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Building a 120 sq. ft. portable office: Insulation/assembly details?

mikeysp | Posted in General Questions on

Hi, I am helping my son build a 10′ x 12′ office in Zone 4a Nashville, TN area.

What would be very economical floor, wall, roof assemblies?

Essentially I envision a storage shed, but with good envelope details.

Portability (on two 4×6 skids) so he can move it once he builds his house 1/4 mile away.

No building code for the shed/office, so I can do as I think best and economical.

Floor detail: I am at a loss since I have not seen a storage shed with insulated floor. We plan to frame it with treated 2×6  16″O.C. and cover it with 3/4″ Advantech. I though about putting 2″ foam board on top of this, but I don’t know how that would work out for finish floor? I also wondered if 2×2 16″ OC is needed on top of the advantech and fill between them with foam board and then another layer of advantech?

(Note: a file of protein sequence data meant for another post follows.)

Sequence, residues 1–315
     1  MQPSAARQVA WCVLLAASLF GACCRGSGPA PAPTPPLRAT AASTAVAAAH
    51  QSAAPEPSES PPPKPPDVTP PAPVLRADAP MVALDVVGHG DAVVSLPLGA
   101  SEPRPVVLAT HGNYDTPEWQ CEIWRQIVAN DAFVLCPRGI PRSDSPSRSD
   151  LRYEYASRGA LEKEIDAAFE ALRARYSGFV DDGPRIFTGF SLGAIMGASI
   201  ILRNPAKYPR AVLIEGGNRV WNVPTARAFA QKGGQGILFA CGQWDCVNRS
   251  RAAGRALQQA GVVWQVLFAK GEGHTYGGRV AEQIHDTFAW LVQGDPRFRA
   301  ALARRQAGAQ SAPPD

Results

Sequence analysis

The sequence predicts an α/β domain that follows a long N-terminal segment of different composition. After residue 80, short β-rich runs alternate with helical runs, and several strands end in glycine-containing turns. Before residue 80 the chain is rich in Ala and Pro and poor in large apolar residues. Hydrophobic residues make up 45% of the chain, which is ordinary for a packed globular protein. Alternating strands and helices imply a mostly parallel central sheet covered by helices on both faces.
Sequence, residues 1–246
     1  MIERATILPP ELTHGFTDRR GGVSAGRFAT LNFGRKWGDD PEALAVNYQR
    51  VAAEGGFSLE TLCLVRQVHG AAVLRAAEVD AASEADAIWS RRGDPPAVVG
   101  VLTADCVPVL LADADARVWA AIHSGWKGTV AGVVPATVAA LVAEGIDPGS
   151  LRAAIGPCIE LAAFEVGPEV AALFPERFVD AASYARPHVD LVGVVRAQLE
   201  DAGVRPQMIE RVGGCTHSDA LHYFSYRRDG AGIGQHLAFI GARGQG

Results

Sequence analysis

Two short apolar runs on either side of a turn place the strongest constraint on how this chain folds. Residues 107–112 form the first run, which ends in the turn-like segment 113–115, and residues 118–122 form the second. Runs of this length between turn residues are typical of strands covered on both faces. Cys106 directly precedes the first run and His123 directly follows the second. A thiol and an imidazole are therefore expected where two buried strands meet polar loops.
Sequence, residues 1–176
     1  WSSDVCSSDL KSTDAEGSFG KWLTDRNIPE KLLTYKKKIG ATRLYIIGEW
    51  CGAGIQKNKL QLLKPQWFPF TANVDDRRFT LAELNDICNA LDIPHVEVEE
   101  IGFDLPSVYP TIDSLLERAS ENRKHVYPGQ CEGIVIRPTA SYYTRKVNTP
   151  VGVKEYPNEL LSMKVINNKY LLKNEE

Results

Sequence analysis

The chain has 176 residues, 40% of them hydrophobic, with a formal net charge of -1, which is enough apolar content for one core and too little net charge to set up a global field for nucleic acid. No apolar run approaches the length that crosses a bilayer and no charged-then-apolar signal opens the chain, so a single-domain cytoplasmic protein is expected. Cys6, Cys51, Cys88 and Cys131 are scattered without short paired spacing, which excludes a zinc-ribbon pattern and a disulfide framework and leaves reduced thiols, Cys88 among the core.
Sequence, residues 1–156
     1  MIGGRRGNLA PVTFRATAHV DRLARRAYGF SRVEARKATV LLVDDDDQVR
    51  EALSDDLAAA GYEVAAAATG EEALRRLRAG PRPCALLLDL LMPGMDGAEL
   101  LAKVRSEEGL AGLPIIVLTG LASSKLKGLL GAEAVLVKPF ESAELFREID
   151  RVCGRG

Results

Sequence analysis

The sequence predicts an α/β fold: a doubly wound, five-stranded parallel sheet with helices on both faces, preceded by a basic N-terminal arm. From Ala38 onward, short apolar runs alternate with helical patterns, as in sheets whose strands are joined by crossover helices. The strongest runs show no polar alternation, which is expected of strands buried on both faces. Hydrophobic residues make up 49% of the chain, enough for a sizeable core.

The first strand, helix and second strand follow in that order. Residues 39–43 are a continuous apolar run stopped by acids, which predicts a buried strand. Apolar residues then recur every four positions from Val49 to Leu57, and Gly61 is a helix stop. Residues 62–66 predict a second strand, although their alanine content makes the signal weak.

Wall/Roof – We have some single-wide trailer trusses that we thought to recycle. We can cover roof wall with OSB and air seal it as a whole and have no venting. Then cover the whole with 2″ foam board and then cover that with felt paper, 1×3 and lap siding on walls and tin on roof. This “perfect wall” copy will eliminate need to build soffits/facia. 2″ insulation (polyiso) and airtight wall while not much insulation, would seem pretty efficient for such a small building?

Inside he can finish out as he sees fit.

Thank you for your critique/advice.



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  1. Expert Member
    BILL WICHERS | | #1

    I would probably use foam board in the floor. You can put rigid foam down over the “floor”, and then put a plywood or OSB subfloor on top of the foamboard. Type II EPS would probably be a good fit for this application.

    I’d use batts in the wall, and maybe some rigid rigid foam under the exterior siding, but I’d probably just leave it with batts here. I’d use batts in the roof too, and I’d strap them in. Why batts? Because they can be strapped in and won’t shift when you move the structure. I’d be worried about blown in insulation possibly shifting around too much during transport.